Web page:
- Hahnemann was vehemently against combining homeopathy with other treatments and called clinicians who disregarded this ‘traitors’,
- statement of belief,
- wrong assumption,
- questionable ethics.
I have recently attempted to slip into the brain of lay-homeopaths and shown how illogical, misguided and wrong the arguments of such enthusiasts really are. Surely, the logic of a doctor homeopath must be better, I then thought. Once you have studied medicine, you have learnt an awful lot of things about the body, disease, therapy, etc., etc., I felt.
Judging from the above article, I might have been wrong.
Alternative medicine differs from conventional medicine in numerous ways. One important difference is that patients often opt to try this or that product without consulting any healthcare professional at all. In such cases, the pharmacist might be the ONLY professional who can advise the patient who is about to purchase such a product.
This is why the role of the pharmacist in alternative medicine is crucial, arguably more so than in conventional medicine. And this is why I am banging on about pharmacists who far too often behave like shop-keepers and not like ethical healthcare professionals. A new review addresses these issues and provides relevant information.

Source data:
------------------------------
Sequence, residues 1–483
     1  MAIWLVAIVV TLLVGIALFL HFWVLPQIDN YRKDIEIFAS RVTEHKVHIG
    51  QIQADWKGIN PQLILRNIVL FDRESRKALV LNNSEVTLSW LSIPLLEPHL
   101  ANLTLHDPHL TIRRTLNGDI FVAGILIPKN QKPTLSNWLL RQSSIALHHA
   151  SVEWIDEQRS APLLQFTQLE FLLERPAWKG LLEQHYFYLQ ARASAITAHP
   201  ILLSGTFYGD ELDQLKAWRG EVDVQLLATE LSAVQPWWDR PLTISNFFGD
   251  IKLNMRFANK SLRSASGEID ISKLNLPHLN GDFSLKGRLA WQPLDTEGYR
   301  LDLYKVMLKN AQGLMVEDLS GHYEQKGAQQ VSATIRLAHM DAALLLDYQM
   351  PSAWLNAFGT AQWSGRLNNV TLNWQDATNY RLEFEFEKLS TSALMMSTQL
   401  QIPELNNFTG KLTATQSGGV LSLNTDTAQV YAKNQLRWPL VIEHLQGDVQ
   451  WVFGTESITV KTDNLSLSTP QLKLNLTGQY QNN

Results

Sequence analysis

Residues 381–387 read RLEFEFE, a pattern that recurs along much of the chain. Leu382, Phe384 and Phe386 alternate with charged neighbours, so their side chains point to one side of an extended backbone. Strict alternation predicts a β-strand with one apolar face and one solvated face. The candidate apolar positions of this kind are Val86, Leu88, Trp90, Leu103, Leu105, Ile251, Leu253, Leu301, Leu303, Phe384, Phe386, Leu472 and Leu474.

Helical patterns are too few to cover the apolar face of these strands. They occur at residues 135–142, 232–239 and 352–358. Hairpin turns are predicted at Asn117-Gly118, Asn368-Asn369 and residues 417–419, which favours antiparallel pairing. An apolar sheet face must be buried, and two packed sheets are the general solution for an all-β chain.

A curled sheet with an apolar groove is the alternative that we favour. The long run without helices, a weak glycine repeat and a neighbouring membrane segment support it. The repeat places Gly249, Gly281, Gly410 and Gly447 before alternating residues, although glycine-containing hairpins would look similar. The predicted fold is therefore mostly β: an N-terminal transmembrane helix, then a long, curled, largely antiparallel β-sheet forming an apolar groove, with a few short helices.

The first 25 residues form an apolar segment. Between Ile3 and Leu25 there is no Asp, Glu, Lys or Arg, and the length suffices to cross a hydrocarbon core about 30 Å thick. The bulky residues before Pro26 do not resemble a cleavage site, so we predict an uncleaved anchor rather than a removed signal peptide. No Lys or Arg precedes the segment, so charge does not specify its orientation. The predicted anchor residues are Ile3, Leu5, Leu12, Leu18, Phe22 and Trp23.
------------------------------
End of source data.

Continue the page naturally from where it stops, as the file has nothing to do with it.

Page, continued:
Pharmacists from the University of Macau in Macau, China conducted a literature review to extract publications from 2000 to 2015 that related pharmacist to alternative medicine products. 41 publications which reported findings from exploratory studies or discussed pharmacists’ responsibilities towards such products were selected for inclusion.
Seven major responsibilities emerged:
- to acknowledge the use of alternative medicine products;
- to be knowledgeable about such products;
- to ensure safe use of such products;
- to document the use of such products;
- to report ADRs related to such products;
- to educate about such products;
- to collaborate with other health care professionals in respect to such products.
One point that is not directly covered here is the duty of pharmacists to comply with their own ethical codes. As I have pointed out ad nauseam, this would mean in many instances to not sell alternative medicine products at all, because there is no good evidence to show that they are generating more good than harm and thus are potentially harmful as well as wasteful.